Several hundreds of crypto mining machines seized in latest Kosovo crackdown


Over 200 crypto mining hardware devices were seized by police in the Serbian Majority North area of Kosovo. This is in light of the current cryptocurrency raids that started last Thursday as an answer to authorities in Pristina banning the use of high-powered digital currency minting during the country’s current energy crisis.

Kosovo authorities have seized over 300 devices used for crypto currency mining amidst the country’s energy problems

Kosovo law enforcement is in the process of halting the use of crypto mining devices in the country during its energy shortage. Currently, only one individual has been placed under arrest in the northern part of Kosovo that is largely of Serbian nationality.

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Police in Kosovo issued a statement revealing that they have currently seized as many as 272 devices used in crypto mining in Leposavic. Interior Minister Xhelal Svecla was quoted as, “The whole action took place and ended without incidents.”

This statement was followed by Finance Minister Hekuran Murati on Facebook, who went into detail that the current estimated consumption of mining equipment on a monthly basis is equivalent to the power consumed by 500 homes. Murati stated that the amount mined was worth between €60,000 and €120,000 euros, exclaiming that the government would not “allow the illegal enrichment of some, at the expense of taxpayers.”

Currently, Kosovo authorities have confiscated 342 crypto mining rigs since the beginning of the raids last week. Government officials in Pristina discontinued all crypto currency mining operations last Tuesday due to the effect on power consumption during the winter season.

Tensions have risen between ethnic Serbians, who hold a majority in the four northern municipalities in Kosovo, and the ethnic Albanians who hold the majority of the central Kosovo government. Website points out that the Serbians do not accept Pristina’s authority over them, refusing to pay for electricity over two decades, starting during the Kosovo war in 1998.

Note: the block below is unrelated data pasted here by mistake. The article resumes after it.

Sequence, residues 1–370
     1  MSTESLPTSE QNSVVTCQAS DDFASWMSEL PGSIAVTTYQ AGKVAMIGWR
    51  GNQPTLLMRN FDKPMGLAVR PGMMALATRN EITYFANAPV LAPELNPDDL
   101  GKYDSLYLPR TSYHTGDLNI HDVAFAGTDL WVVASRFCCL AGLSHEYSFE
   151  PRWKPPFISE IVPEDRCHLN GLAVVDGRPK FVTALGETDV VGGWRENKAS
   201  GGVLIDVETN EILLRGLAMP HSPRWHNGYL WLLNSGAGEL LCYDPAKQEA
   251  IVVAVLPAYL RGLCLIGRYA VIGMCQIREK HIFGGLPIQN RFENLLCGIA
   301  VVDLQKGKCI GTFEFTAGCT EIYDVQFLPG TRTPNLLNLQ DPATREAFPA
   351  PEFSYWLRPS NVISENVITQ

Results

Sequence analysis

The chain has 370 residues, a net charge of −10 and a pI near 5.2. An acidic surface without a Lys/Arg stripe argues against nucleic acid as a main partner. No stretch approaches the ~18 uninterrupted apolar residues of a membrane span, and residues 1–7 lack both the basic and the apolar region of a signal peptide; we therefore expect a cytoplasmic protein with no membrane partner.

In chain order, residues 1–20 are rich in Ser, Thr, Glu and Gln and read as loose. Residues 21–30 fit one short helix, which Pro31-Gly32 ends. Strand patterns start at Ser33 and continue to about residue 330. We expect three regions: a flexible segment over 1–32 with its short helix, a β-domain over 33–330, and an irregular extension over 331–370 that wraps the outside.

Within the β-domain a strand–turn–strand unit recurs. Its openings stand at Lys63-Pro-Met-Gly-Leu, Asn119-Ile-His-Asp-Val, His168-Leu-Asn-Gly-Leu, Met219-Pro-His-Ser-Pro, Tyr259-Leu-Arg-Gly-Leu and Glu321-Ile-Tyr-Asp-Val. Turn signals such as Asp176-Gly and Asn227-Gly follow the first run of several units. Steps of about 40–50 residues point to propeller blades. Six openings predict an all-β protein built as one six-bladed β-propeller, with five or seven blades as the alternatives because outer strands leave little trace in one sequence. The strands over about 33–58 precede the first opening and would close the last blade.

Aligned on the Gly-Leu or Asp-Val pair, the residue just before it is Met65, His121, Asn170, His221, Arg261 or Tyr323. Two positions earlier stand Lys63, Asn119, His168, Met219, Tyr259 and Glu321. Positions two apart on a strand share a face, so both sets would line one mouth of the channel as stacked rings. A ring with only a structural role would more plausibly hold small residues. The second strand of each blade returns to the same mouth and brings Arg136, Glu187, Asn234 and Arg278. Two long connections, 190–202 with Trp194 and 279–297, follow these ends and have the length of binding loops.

The public utility of Pristina is still aiding in the coverage of the bills not being paid by the Serbian community, using their current revenues to cover the lack of payments. Local Kosovo media has estimated the cost each year that the government is covering is upwards of €12 million euros per year. Kosovo’s current energy issues, affected by the rise of import prices and local generation insufficiency, have forced officials to take a stand against crypto currency mining. Reports have also come in stating that authorities have initiated two raids in primarily ethnic Albanian sections, confiscating as many as 70 devices.

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The current ban on crypto mining was initially addressed by Economy Minister Artane Rizvanolli, realizing emergency measures would need to be put in place after talks with the country’s specific parliamentary committee. There are doubts from critics, questioning the legal structure of the measures, due to digital currency minting is not currently prohibited by the legislation at this time. Right now, there is a draft bill covering cryptocurrency regulations, submitted last October to the governing parliament, that has not been initiated.


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